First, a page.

LGBTQ+ PRIDE MONTH: Know the Story of the Month-Long Festival of Love

Aditi Agarwala
4 min readJun 2, 2021

The LGTBQ+ Pride Month is a festival that marks the colorful celebration of love & self-love, choices & rights, self-acceptance, and embracing the beauty of every form of love. Pride parades, marches, parties, concerts, and symposiums are held across various nations around the World. But have you wondered what is the story behind Pride Month?

Photo by 42 North on

Well, let’s learn about what events led to the celebration of the LGTBQ+ Pride Month and why it is celebrated.

The JUNE PRIDE MONTH is celebrated to recall and honor the Stonewall Inn Riots which occurred on 28th June 1969 (Saturday) in Manhattan. Before we get into the depth of the story, let’s know some of the rules and regulations that were prevalent from the late 1940s to early 1960s against the LGTBQ+ community in the United States.

Some of the rules and regulations that are relevant to this raid are:

  • Serving alcohol to a gay person was illegal until 1966.
  • Until 1969 homosexuality was considered an illegal offense. However even until 1969, only some states legalized gay people.
  • It was illegal to wear less than three items of “gender-inappropriate” clothing. Cross-dressers were the most visible law-breakers.

The day marks the six-day-long protest between the LGTBQ+ community and the police officers. Stonewall Inn was owned by a mafia, and during those years the mafias (who owned gay bars) used to pay bribes to the police officers to keep them away from raiding the bars. (Gay bars were one of the most profitable businesses of the mafia and the bribes were paid to ensure that the clientele did not decrease.) However, this did not stop the police officers from raiding the bars.


On 28th June 1969 around 1:30am a team of 9 police officers raided the Stonewall Inn justifying the raid with a search warrant to investigate the illegal sale of alcohol. Such types of raids were routine for bars like Stonewall Inn, but this time the events did not unfold according to the plans of the police officers.

Outside the crowds started to gather and they became aggressive, and hence the police thought it was better to get locked inside the bar. While locked inside the interrogations with the employees and patrons continued. The cross-dressers were detained and arrested, even though a few of them managed to escape. The raid and the crowd dispersal got over around 4am on 28th June. But this event was far from over.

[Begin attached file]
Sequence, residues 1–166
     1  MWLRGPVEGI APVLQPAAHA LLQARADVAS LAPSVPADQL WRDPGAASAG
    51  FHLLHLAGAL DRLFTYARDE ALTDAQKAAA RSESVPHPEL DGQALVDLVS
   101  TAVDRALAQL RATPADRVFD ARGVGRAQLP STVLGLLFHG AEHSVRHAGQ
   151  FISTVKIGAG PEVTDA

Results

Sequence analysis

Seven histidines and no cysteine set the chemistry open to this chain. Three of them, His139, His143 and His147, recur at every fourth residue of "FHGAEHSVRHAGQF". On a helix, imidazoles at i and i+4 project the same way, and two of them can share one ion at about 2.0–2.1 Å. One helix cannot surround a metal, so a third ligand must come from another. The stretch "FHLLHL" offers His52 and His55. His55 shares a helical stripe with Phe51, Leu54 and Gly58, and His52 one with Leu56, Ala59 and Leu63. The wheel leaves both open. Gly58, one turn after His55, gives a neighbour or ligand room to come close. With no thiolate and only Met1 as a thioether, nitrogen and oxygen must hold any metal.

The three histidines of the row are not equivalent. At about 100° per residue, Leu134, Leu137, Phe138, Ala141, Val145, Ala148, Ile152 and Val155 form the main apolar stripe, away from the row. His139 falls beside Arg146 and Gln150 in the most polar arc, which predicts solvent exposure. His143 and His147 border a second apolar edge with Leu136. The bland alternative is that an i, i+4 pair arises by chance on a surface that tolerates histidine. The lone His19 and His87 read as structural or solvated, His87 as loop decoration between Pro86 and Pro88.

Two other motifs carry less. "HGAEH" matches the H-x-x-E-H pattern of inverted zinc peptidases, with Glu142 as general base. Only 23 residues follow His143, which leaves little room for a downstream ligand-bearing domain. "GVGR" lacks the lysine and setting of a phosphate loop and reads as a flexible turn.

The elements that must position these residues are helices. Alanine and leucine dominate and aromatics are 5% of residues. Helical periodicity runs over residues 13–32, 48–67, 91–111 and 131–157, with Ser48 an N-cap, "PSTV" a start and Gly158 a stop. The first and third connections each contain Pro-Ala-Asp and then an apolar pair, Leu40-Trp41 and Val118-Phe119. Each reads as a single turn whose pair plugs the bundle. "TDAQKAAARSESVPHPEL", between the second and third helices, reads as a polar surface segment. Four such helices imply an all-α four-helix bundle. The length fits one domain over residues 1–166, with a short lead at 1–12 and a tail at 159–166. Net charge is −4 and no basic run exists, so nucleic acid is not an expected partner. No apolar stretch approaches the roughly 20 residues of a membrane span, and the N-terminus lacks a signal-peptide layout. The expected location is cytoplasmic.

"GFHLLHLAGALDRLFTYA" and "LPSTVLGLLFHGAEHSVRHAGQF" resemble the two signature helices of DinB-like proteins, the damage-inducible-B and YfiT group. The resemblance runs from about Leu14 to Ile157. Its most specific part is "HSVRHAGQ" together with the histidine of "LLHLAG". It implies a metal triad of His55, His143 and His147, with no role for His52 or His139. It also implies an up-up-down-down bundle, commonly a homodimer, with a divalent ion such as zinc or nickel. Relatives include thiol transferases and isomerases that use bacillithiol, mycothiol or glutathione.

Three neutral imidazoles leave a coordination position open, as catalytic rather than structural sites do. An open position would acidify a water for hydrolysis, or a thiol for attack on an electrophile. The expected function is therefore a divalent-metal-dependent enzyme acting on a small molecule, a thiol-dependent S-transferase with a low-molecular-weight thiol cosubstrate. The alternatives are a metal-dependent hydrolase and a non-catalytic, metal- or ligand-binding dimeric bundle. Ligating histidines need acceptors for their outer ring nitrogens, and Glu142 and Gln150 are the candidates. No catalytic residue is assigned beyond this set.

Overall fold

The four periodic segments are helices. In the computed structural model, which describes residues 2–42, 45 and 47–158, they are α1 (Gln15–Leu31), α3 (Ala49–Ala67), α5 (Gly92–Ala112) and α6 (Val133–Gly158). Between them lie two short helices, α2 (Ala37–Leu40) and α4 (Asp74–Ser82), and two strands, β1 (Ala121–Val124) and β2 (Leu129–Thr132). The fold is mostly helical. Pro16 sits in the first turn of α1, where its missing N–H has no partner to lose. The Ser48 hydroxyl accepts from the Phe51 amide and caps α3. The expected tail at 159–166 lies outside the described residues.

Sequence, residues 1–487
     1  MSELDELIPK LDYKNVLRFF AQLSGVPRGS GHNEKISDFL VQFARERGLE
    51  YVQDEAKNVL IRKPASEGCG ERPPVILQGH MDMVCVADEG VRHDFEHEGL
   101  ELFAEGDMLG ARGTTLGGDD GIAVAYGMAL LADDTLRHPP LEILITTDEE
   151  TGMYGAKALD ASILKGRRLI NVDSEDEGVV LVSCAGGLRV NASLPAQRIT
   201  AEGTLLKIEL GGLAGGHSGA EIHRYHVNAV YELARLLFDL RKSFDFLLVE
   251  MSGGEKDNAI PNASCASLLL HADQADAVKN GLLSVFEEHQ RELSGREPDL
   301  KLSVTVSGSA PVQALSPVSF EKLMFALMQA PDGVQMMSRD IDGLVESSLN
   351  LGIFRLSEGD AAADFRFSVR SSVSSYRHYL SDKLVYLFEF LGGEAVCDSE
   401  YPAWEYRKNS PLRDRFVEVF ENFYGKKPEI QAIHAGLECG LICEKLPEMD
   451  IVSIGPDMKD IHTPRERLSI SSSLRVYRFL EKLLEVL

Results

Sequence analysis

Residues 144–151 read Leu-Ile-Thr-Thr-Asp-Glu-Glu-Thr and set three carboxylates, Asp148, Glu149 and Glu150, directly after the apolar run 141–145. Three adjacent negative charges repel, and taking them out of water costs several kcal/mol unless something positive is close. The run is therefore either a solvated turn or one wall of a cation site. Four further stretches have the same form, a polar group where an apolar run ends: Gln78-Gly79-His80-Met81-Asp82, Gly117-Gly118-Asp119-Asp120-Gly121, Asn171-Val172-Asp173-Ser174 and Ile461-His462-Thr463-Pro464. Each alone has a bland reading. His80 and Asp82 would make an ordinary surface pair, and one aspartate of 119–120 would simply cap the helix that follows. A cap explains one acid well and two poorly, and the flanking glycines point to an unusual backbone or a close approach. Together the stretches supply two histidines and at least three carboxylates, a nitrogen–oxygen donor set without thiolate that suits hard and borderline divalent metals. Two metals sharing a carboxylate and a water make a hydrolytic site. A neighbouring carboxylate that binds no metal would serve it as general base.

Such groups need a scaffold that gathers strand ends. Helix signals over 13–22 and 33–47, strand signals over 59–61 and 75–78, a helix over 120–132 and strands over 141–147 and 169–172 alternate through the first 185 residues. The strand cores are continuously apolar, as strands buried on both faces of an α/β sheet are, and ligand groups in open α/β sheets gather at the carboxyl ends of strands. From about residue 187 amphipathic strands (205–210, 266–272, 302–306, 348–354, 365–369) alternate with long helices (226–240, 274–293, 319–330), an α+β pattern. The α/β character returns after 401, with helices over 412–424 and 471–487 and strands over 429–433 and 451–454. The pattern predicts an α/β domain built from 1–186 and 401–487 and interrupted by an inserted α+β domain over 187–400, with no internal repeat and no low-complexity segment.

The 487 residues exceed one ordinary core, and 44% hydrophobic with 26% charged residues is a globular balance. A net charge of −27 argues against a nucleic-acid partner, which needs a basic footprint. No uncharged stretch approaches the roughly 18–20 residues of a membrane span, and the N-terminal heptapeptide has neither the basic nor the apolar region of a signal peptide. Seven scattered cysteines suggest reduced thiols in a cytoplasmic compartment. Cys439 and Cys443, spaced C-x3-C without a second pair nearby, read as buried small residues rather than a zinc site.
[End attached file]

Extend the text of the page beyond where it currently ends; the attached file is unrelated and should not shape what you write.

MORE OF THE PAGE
The news of the Stonewall Inn raid spread like a fire, and by that evening (28th June 1969) a large number of protestors had gathered around the Stonewall Inn and the surrounding areas and neighborhoods. The protests had continued for a week with another outbreak of intense fighting on the following Wednesday (2nd July 1969).

The first PRIDE PARADE & MARCH was held on 28th June 1970 on the first anniversary of the Stonewall Inn riot incident. The parade was held with the intent of giving the community a chance to get together and recall and honor the Stonewall riots and to demonstrate against the centuries of abuse in each and every aspect of life, even the “basic needs” aspects of life.

In the year 1978, Gilbert Baker, an American artist, gay activist, and a US Army Veteran created the LGBTQ+ community flag, on the suggestions of his friends and colleagues. Each color used in a flag has a different meaning :

  • RED for Life
  • ORANGE for healing
  • YELLOW for sunlight
  • GREEN for nature
  • BLUE for harmony
  • VIOLET for spirit
  • HOT PINK for sex
  • TURQUOISE for magic/art

Photo by Sharon McCutcheon on

From a few thousand marchers in the inaugural parade of 1970 to millions of marchers from all over the world presently, they gather together every year in June to parade with pride and demonstrate equal rights and treatment to the LGBTQ+ community. Memorials are also held to remember the members of the LGBTQ+ community who have lost their lives due to hate crimes or HIV/AIDS.

Photo by Gotta Be Worth It on

The Stonewall Inn was declared as a National Monument by Barack Obama, and it was the first national monument to celebrate gay history.



Aditi Agarwala

Always curious to learn new things. Grateful for everything that I have in my life.